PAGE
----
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    The digital world can make life easier…

    But not if you can’t access it.

    There’s a segment of society that’s benefitting from being able to do work or schooling remotely, and that’s gaining digital skills increasingly needed in today’s job market.

    But in Canada, “most rural and First Nations households still don’t have access to the “basic” internet speed target set by the government. Where there is decent connectivity, many lack the skills they need to thrive online.”

    The same is true in many other countries.

    This is an issue of “digital inequity.” It matters for social and economic justice; it also impacts the talent pipeline for companies.

    Since the pandemic, more and more people are talking about the importance of digital equity.

    But, according to Community Investment Program Manager Maureen James, funding hasn’t kept pace with talk. Solving the issue requires infrastructure, hardware, and training for remote communities.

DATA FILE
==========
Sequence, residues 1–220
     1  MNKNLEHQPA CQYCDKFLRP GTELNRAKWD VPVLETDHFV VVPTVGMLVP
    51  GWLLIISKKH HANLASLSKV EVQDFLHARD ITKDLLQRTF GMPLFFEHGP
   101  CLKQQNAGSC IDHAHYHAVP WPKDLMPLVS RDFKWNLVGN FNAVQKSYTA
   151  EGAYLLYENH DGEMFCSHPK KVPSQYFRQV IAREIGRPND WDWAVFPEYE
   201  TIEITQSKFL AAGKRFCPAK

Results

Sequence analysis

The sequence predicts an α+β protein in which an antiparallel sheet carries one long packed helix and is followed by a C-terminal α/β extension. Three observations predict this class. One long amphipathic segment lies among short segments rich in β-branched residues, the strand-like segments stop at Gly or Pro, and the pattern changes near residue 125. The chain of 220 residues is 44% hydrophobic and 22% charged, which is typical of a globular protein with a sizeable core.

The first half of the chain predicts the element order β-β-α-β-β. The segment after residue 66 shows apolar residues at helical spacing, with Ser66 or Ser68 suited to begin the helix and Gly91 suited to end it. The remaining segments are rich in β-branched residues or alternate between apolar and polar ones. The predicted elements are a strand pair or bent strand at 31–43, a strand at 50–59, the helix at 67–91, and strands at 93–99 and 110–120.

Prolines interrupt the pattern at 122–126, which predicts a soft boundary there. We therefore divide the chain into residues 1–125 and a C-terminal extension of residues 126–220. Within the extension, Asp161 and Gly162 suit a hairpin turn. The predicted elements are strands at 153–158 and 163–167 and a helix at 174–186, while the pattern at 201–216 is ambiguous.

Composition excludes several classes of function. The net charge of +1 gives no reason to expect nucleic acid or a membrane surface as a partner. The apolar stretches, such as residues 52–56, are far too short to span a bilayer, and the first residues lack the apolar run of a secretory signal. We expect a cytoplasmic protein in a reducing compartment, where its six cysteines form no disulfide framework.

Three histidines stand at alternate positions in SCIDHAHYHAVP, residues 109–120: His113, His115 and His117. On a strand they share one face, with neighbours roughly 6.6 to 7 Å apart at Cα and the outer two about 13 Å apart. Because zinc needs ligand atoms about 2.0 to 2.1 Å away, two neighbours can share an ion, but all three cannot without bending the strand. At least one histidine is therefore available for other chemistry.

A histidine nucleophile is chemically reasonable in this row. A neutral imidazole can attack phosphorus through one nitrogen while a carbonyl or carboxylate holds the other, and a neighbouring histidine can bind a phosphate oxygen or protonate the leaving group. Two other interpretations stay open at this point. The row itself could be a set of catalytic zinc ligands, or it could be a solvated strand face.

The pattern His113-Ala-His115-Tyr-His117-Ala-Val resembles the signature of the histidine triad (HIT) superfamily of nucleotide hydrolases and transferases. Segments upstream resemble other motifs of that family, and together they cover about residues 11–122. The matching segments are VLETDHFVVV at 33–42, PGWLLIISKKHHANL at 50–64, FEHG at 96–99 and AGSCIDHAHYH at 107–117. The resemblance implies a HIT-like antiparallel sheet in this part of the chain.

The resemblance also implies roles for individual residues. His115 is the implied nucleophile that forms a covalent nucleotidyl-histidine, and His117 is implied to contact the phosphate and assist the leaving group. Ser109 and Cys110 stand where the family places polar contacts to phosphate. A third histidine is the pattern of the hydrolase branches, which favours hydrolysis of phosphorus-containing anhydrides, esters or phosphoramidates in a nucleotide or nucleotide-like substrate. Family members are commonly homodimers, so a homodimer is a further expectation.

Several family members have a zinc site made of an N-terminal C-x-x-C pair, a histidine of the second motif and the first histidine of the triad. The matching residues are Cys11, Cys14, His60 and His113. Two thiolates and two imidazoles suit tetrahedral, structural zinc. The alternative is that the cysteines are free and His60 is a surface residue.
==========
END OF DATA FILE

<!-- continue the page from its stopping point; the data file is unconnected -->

Why does this funding gap exist?

    It’s partly an issue of scale: broadband infrastructure projects come with very large price tags that make the barriers high for funders to get involved.

    One solution: a more piecemeal approach. James describes success in “bite-sized” community-led projects where funders work with one individual community to help them pull together the resources they need. This worked well in the Samson Cree Nation, for example.

    More broadly: James emphasizes the need to “bring new funders into the fold” through education on the importance of digital equity. She says “no matter what your number one funding priority is—whether it’s climate change or LGBTQ2IA+ rights—progress on your issue will be frustrated by digital inequity.”

    How has your organization considered digital equity throughout the shift to a more digital world? Let us know!

    Read more: https://lnkd.in/ecvKirSk

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